Where traders are, missionaries are not far behind. Many men arrived to “convert” the Indians. The most notable in our area was the Rev. Leonard Slater, who was born in Worcester, Massachusetts in 1802. He came to the Carey mission at Niles, Michigan as a Baptist missionary and then moved to Kalamazoo and the Kalamazoo Valley. He also preached in Grand Rapids for ten years, then moved back to this area and had an Indian mission and school in Barry County. Finally, he moved to Kalamazoo and “commuted” to his other posts on Sundays. He died in Kalamazoo and is buried near the spot in Riverside Cemetery where he had first seen the view of the Kalamazoo valley.
Most of what is now the city of Kalamazoo was once part of an Indian Reservation called Match-e-be-nash-e-wish established by the Treaty of Chicago in 1821. Six years later it was replaced by the much larger Nottawasepee Reservation that began near Austin Lake and spread south into St. Joseph County. As brief as it was, the earlier treaty left a small but interesting remnant. As you go west on Cork Street, it jogs slightly north and continues on Whites Road, then jogs back south as it reaches Parkview Avenue. Cork and Parkview follow the section lines, as most major roads in the Midwest do. Whites Road, however, is located on the southern boundary of the Match-e-be-nash-e-wish Reservation.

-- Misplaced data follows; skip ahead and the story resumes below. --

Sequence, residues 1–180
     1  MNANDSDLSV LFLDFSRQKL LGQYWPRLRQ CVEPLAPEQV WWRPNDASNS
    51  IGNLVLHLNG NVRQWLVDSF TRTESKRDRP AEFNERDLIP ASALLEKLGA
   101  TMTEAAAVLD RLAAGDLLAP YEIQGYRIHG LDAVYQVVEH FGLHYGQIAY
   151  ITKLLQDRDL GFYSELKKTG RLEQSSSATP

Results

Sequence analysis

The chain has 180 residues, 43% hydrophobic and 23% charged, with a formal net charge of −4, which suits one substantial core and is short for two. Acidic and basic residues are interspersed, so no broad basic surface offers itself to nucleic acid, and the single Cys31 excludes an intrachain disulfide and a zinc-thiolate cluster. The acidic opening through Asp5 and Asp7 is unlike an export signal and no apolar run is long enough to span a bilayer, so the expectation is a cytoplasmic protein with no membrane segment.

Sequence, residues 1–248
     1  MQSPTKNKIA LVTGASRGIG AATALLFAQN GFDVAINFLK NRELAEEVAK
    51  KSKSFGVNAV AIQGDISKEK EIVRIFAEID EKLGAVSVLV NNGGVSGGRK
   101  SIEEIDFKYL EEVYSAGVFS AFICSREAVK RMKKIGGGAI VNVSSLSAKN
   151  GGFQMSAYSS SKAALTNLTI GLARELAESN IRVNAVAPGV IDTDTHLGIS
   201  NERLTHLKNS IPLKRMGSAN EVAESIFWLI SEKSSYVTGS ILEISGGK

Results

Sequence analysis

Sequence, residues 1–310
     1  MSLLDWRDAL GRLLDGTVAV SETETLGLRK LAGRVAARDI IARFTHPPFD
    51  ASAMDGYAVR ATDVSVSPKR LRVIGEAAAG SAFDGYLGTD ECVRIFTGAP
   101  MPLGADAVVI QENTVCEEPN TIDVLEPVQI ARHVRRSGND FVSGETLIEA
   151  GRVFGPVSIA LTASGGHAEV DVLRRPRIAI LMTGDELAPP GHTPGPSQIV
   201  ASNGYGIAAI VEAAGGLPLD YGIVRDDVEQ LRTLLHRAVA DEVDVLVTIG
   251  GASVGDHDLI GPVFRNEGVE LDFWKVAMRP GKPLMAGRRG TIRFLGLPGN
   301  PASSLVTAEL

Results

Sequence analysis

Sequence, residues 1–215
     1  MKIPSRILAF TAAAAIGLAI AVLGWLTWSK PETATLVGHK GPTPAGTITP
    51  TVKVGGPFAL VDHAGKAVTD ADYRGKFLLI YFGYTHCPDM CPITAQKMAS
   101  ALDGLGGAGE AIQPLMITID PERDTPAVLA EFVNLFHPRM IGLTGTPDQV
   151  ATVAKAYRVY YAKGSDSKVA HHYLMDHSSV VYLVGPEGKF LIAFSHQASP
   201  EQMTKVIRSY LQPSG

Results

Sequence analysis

Much has been made of late of the “removal” of the Native Americans from the city. In 1821 the Potawatomies signed a treaty giving their land to the federal government in exchange for a yearly payment and some land west of the Mississippi. They did not leave right away, however, and since there were no settlers in the area at the time, there was no pressure on them to leave, so they continued to live as they had. When the first permanent white settlers arrived, the local Indians generally welcomed them and, for 10 years, they lived together peacefully. As one settler, Bazel Harrison, wrote, “We never could have got along without the Potawatomi in those days. He was a sort of leather stocking. They were our friends, and we were their friends.”
Finally, the time arrived in 1840 when the U. S. Government decided to enforce the treaty. In Kalamazoo County, Colonel Thomas A. H. Edwards gathered the Indians together for the long trek west of the Mississippi. Kalamazoo became the rendezvous for a large group starting west. The Indians were encamped for several days north of where the current Amtrak Train Station sits on Rose Street just north of Kalamazoo Avenue. They visited local residents, many of whom had developed a warm friendship between them. When the march beyond the Mississippi began, most walked, with their sick and aged on ponies, which also carried their tents and household goods. Infants were carried on their mother’s backs. They were reluctant to leave the home of their ancestors and were concerned about the danger from the Sioux tribe in the area assigned to them, but they had no choice. Along their route they passed the house of Judge Epaphroditus Ransom, the prominent Kalamazoo man who often had befriended them in their dealings with the government. As they passed by, they raised their hands and headdresses in respect and farewell.